DVIDS – News – Florida Army National Guard quartermaster units support Hurricane Idalia response efforts
As soon as the call went out on Aug. 28, 2023, for Florida Army National Guard (FLARNG) units to activate prior to Hurricane Idalia’s landfall, Guardsmen of the 856th and the 356th Quartermaster Companies were already reporting to the State Logistics Response Center (SLRC) in Orlando, Florida.
The SLRC is a warehouse that provides approximately 200,000 square feet to house food, water and other emergency commodities for distribution to impacted regions after a natural disaster.
The overall disaster relief operation throughout the Sunshine State is a combined effort of the Florida National Guard, civilian emergency management agencies, and contracted businesses that requires smooth interoperability between multiple organizations to execute.
According to Army 1st Sgt. Rhett Roy, 856th Quartermaster Company first sergeant, when responding to a natural disaster, a county’s emergency operations center (EOC) first reports the type and quantity of emergency commodities they need to the state-level EOC. Florida’s state EOC then tasks the SLRC with providing those requested commodities, which is where Soldiers assigned to the 856th and 356th Quartermaster Companies play an important role in the process.
During Idalia, they sustained 24-hour operations at the SLRC to support various counties’ requests, maintain the necessary accountability for commodities, and track those commodities’ movements to final destinations across Florida.
“We’re in the logistics business here in Orlando, so we verify that the other end needs the items in their request, and make sure they have what they need to take delivery,” Roy said. “We ask things like: Do you have the infrastructure, like a dock, to receive the items? Do you have forklifts to unload the commodities? Do you have enough space to turn a 53-foot trailer around? Do you have power and lights? Are you running 24-hour operations? These are simple questions, but if they aren’t addressed ahead of time, these issues can complicate things.”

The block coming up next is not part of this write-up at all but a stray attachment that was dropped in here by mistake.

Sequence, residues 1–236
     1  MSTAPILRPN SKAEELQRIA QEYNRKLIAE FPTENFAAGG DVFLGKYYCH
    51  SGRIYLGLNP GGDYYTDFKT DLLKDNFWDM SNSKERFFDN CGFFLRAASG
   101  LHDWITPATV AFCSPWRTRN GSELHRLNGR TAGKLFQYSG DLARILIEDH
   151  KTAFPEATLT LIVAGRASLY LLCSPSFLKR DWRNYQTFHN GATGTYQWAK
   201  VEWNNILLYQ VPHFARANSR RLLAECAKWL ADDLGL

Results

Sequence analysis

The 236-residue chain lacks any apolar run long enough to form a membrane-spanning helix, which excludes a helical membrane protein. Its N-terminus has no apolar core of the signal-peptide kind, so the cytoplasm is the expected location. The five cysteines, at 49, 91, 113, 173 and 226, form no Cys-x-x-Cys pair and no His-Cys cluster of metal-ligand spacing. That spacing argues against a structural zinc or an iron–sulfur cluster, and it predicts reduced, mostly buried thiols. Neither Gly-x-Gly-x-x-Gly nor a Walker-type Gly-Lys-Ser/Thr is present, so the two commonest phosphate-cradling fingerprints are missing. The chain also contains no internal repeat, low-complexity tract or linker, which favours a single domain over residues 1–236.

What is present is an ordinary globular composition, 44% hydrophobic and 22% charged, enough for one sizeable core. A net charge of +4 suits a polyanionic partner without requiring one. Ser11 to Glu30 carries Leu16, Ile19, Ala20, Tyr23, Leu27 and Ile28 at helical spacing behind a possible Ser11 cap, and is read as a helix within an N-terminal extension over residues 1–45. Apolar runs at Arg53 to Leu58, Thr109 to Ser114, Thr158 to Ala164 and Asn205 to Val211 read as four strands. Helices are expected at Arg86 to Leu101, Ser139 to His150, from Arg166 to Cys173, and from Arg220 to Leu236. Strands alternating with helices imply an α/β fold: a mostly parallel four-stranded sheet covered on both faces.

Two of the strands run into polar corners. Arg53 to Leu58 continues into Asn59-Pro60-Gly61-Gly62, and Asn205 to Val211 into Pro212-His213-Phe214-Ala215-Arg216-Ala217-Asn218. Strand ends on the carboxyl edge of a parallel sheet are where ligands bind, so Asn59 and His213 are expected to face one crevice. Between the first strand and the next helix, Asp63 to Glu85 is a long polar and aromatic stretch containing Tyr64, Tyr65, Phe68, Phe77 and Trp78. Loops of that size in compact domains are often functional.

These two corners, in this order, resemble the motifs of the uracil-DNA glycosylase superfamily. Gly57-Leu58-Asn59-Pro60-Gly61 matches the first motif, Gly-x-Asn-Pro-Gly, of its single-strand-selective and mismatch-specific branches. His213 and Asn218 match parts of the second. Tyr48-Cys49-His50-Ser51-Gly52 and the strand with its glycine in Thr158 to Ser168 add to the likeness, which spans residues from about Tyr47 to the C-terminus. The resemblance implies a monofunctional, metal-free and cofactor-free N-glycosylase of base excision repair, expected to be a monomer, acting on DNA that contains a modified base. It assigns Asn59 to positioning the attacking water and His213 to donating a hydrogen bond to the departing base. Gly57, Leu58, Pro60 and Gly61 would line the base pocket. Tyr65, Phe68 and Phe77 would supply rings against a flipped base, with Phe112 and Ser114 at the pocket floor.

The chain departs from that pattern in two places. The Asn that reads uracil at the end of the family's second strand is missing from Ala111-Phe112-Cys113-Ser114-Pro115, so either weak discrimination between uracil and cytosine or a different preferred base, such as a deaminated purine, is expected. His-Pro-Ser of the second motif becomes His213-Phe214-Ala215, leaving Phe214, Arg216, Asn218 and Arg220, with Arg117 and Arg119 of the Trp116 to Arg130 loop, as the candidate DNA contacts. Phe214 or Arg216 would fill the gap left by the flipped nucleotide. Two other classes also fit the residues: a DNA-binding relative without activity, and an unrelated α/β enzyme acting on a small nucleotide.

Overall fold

Roy said the commodities leave the SLRC on trucks bound for logistics staging areas (LSA) near the impacted areas, and from those LSAs to point-of-distribution sites, also known as “PODS.” PODS can be the parking lot of a church, a shopping center, or another location that a county EOC has predesignated as part of its emergency action plan, where Floridians can drive through and have those emergency commodities loaded into their cars.
“I expect us to get busier [in the days after landfall],” Roy said on Aug. 30, 2023, the third day of his unit’s activation. “We’re one of the first units to get called to state active duty and we’re the last ones to leave because we also have to recover all the equipment that is sent out to the PODS.”
Despite the potential danger, a hurricane activation also provides valuable training opportunities for junior Soldiers to learn about disaster relief, and how their unit’s role – for example, in conducting warehouse operations – works in the big picture. While Roy has lost count of how many hurricane activations he has experienced (he estimates “about a couple dozen”), Army Spc. Domenica Roldan, an automated logistical specialist, had only completed four weekend drills with the 856th when she volunteered for activation.
“I wanted to come and see how it works to get the experience,” Roldan said. “This activation has been great for learning. I’ve been working with great people, and I feel good that we’re able to help the State of Florida.”
Roldan wasn’t the only first-timer to get introduced to hurricane duty. The FLARNG’s activation for Idalia also marked the operational debut of the recently revived Florida State Guard (FSG), whose mission was to support the Florida National Guard’s hurricane relief efforts. The FSG was originally established in 1941 to assume the FLARNG’s duties while it was deployed overseas during World War II, and it later disbanded in 1947. The FSG was officially reactivated in 2022 and its inaugural class of Guardsmen graduated from Basic Operational Orientation Training (BOOT) Camp last June.
“We will assist the Florida National Guard and any other emergency management agencies that need our help to do anything that we can,” said FSG 1st Sgt. Rich Bahret, a former Marine and Pinellas County deputy sheriff, who now serves as first sergeant for the Florida State Guard’s Company B. According to Bahret, the FSG consists of approximately 120 men and women who range from an 18-year-old grocery store worker with no military experience, to a 60-year-old former SEAL team member. “It’s the most diverse group I’ve ever had the pleasure of working with in my life.”
Roy said he expects to have a good relationship with the FSG members going forward.
“We’ve taken them under our wing,” Roy said. “They have their own chain of command to work parallel with us, and they all have a positive, can-do attitude to be a force multiplier as they were intended to be. They’re already out there [in the warehouse] driving forklifts and running floor sweepers – they’ve been great for us.”
The 856th and the 356th Quartermaster Companies are FLARNG units based in Arcadia and Fort Lauderdale, respectively, within the 50th Regional Support Group.
|Date Posted:||09.01.2023 14:29|
|Location:||ORLANDO, FL, US|
This work, Florida Army National Guard quartermaster units support Hurricane Idalia response efforts, by SFC Shane Klestinski, identified by DVIDS, must comply with the restrictions shown on https://www.dvidshub.net/about/copyright.